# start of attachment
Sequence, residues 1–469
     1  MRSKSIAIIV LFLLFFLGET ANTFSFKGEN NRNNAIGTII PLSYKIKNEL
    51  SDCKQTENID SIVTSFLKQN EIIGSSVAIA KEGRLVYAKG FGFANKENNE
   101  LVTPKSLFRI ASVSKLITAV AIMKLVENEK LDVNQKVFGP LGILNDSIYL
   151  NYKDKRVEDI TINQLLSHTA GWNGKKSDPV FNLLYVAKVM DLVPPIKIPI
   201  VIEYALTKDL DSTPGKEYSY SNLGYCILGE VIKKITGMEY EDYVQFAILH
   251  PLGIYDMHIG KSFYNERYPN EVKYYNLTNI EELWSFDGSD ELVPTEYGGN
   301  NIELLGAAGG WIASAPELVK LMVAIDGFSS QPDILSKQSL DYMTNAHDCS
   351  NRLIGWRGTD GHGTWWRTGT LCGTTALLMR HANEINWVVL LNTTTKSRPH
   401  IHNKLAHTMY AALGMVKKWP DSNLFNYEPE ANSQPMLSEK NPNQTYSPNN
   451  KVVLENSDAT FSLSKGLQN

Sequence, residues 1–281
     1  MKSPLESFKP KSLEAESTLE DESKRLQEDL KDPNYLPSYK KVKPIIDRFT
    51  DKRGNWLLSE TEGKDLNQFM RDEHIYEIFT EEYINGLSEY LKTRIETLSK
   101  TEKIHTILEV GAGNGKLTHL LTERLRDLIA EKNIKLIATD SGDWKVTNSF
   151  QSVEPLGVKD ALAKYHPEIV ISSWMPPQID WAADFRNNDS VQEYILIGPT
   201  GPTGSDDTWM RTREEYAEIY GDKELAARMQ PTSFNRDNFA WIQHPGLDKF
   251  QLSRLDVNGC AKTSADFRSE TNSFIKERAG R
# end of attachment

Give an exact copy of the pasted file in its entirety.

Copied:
Sequence, residues 1–469
     1  MRSKSIAIIV LFLLFFLGET ANTFSFKGEN NRNNAIGTII PLSYKIKNEL
    51  SDCKQTENID SIVTSFLKQN EIIGSSVAIA KEGRLVYAKG FGFANKENNE
   101  LVTPKSLFRI ASVSKLITAV AIMKLVENEK LDVNQKVFGP LGILNDSIYL
   151  NYKDKRVEDI TINQLLSHTA GWNGKKSDPV FNLLYVAKVM DLVPPIKIPI
   201  VIEYALTKDL DSTPGKEYSY SNLGYCILGE VIKKITGMEY EDYVQFAILH
   251  PLGIYDMHIG KSFYNERYPN EVKYYNLTNI EELWSFDGSD ELVPTEYGGN
   301  NIELLGAAGG WIASAPELVK LMVAIDGFSS QPDILSKQSL DYMTNAHDCS
   351  NRLIGWRGTD GHGTWWRTGT LCGTTALLMR HANEINWVVL LNTTTKSRPH
   401  IHNKLAHTMY AALGMVKKWP DSNLFNYEPE ANSQPMLSEK NPNQTYSPNN
   451  KVVLENSDAT FSLSKGLQN

Sequence, residues 1–281
     1  MKSPLESFKP KSLEAESTLE DESKRLQEDL KDPNYLPSYK KVKPIIDRFT
    51  DKRGNWLLSE TEGKDLNQFM RDEHIYEIFT EEYINGLSEY LKTRIETLSK
   101  TEKIHTILEV GAGNGKLTHL LTERLRDLIA EKNIKLIATD SGDWKVTNSF
   151  QSVEPLGVKD ALAKYHPEIV ISSWMPPQID WAADFRNNDS VQEYILIGPT
   201  GPTGSDDTWM RTREEYAEIY GDKELAARMQ PTSFNRDNFA WIQHPGLDKF
   251  QLSRLDVNGC AKTSADFRSE TNSFIKERAG R